I found these videos on the Better Helicopter Flight Training forum also known as wikiRotorcraftFlightManual hosted by Chris Fischer. "This is primarily for the Robinson R-22. For better or worse, this is the most commonly used trainer, even though the R-44 and 269/300 may be more agreeable training platforms." ~Chris
Chris's biggest motivator for creating this forum!
The Least Experienced Pilots Train New Pilots
This was the biggest motivator. Probably 90% of my first 200 hours of flight training was with CFIs who had less than a year of teaching experience. If you’re new, there’s a good chance that your instructor will only have a few hundred hours more experience flying than you. But I’ve spent some time flying with and talking to high-time instructors and high-time pilots (many on the VerticalReference forums). Per hour with these guys, I’ve learned more than with any other instructor that I’ve flown with. This isn’t a criticism of anybody I’ve ever flown with; it’s the reality of learning to fly helicopters in the US. But for those of you trying to learn, wouldn’t you want access to the most knowledgeable instructors and their methods? For those of you who want to be great instructors, why not have a resource where you can learn from others’ experiences. ~Chris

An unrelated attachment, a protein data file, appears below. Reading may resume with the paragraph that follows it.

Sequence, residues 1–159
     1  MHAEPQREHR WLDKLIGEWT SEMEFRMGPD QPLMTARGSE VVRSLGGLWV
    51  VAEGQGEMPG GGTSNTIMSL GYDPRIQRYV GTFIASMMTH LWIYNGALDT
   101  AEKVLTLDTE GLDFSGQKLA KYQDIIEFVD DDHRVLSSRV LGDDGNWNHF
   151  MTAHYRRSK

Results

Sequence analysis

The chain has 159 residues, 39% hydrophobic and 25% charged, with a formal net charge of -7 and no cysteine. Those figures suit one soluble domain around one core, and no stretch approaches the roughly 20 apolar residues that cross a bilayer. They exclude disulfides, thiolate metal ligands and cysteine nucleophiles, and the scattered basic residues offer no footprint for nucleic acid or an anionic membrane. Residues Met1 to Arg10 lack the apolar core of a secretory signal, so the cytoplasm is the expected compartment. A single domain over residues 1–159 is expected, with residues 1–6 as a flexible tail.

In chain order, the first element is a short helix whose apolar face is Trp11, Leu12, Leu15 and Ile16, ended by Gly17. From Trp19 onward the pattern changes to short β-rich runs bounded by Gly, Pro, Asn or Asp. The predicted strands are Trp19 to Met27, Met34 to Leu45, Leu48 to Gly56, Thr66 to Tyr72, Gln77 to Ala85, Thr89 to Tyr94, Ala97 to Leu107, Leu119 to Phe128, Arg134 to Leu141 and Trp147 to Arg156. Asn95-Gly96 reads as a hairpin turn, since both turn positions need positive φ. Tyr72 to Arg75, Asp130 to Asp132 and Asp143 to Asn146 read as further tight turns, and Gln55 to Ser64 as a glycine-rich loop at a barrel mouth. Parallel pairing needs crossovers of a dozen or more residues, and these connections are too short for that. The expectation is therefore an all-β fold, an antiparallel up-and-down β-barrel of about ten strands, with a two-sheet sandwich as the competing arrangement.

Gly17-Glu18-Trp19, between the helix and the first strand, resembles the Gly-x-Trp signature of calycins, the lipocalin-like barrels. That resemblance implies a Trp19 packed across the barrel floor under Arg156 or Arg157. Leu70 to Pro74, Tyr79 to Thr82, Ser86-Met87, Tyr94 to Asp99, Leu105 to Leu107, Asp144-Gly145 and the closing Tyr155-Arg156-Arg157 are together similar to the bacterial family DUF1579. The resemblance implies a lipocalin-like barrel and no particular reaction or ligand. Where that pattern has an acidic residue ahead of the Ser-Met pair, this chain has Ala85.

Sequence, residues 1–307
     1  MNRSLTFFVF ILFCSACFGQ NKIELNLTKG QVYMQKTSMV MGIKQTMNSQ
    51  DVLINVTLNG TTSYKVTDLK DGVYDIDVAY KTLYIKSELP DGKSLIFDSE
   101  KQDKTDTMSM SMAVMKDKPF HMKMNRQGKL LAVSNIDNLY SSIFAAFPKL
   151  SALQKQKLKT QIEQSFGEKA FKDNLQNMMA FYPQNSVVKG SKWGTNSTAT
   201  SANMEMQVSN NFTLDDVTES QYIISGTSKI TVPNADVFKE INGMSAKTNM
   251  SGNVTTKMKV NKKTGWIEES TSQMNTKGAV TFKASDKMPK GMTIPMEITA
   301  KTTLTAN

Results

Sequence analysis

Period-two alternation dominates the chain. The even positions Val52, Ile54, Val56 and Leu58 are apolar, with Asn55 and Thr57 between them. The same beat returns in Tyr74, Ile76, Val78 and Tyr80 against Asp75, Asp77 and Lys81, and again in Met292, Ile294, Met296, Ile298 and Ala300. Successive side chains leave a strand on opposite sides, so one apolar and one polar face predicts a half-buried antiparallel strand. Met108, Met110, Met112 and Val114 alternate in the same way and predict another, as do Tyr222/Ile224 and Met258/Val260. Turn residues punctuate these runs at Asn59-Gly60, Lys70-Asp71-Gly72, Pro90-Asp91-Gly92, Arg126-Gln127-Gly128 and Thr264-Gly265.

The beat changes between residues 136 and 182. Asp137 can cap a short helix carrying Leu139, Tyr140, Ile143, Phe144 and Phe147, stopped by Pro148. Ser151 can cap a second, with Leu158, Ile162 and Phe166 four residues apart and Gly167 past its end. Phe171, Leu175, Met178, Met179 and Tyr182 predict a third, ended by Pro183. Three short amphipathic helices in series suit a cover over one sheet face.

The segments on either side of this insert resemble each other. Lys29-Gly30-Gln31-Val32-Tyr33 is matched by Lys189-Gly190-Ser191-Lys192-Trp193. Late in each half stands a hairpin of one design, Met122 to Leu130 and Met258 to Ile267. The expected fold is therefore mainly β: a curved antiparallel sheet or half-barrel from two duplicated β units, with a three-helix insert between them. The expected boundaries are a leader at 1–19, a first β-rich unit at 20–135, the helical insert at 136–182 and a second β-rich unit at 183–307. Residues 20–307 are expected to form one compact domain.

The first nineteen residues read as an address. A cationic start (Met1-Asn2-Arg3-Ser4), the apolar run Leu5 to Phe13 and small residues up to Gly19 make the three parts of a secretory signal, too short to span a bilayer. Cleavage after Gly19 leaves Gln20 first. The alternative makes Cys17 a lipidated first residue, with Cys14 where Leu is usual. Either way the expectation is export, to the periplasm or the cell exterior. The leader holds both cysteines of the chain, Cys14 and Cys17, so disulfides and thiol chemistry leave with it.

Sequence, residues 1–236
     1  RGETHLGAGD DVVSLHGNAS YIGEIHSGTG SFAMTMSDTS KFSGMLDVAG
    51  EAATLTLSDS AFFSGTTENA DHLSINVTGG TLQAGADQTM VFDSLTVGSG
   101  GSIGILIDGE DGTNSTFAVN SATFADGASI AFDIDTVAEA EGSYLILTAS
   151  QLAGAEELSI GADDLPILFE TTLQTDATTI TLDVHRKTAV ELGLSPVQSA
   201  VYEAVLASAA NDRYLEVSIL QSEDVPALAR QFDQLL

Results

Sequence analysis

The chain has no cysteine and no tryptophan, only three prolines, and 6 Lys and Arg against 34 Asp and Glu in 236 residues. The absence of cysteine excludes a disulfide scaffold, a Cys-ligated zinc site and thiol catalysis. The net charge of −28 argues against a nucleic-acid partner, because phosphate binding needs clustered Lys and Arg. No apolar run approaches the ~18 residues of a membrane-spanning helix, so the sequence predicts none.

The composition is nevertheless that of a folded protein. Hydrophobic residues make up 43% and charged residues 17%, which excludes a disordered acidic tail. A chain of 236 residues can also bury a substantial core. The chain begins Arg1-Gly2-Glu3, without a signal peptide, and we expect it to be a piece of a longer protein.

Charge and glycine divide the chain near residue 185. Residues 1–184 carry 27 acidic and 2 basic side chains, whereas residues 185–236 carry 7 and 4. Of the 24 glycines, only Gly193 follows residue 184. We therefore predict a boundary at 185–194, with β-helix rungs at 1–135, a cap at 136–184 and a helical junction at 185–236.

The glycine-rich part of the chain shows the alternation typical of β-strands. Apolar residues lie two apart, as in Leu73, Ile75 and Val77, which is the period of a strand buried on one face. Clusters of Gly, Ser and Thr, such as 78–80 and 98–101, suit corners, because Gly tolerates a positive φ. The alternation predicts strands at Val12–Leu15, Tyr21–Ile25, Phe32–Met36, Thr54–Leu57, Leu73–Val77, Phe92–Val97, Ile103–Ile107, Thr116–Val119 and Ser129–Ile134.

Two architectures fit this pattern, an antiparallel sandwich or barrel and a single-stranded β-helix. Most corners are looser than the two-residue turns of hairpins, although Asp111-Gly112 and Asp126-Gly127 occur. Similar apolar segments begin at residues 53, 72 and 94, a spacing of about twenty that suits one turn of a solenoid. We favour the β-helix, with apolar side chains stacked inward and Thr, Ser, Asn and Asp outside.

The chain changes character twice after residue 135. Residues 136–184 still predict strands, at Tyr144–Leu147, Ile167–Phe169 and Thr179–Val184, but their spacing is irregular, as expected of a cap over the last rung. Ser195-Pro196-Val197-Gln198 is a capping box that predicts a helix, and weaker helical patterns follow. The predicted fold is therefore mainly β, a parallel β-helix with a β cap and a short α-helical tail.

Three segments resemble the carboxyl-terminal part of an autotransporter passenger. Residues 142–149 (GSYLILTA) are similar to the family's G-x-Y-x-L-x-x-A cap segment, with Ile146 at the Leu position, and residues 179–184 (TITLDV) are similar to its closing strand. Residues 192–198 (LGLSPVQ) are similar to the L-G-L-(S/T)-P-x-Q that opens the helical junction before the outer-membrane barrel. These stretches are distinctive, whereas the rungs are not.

This first video is a good example why YOU should never get caught in the clouds while in the mountains or scud running any time for that matter . The GPS terrain display was never meant for flying blind in mountainous terrain. In general scud running is dangerous.
This second video is a good example of Crew Resource Management (CRM) and Aeronautical Decision Making (ADM). It's really not a GOOD example but what can happen when not thinking through a situation. When you have two pilots use the extra resource to your advantage, listen to each other!